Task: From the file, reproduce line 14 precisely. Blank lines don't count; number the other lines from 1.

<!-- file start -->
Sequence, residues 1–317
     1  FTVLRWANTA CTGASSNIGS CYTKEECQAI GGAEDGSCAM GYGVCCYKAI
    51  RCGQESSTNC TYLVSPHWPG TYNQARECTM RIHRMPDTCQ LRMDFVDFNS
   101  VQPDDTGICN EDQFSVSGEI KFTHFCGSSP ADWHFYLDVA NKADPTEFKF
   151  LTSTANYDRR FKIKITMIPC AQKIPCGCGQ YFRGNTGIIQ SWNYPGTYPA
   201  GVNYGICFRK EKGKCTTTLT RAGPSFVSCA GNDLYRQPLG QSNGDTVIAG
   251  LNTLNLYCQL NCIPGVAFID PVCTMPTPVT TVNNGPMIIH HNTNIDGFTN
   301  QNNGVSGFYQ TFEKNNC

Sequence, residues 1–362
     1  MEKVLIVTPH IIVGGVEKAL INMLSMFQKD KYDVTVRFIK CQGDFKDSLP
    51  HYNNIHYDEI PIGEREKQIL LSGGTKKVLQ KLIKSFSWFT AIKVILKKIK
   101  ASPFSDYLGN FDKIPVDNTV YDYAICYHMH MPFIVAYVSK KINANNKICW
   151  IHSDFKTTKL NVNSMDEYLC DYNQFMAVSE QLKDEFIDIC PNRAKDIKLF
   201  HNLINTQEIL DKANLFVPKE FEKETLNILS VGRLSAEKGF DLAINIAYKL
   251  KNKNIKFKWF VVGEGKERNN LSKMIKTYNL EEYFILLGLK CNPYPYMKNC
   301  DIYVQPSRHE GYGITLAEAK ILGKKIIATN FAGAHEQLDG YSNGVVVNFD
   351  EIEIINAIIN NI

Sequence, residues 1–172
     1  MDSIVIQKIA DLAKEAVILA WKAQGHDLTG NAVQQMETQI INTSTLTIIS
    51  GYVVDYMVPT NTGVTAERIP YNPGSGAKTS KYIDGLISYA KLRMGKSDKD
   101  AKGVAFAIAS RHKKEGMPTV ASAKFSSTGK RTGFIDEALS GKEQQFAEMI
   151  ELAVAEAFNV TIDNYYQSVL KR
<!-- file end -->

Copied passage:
   201  HNLINTQEIL DKANLFVPKE FEKETLNILS VGRLSAEKGF DLAINIAYKL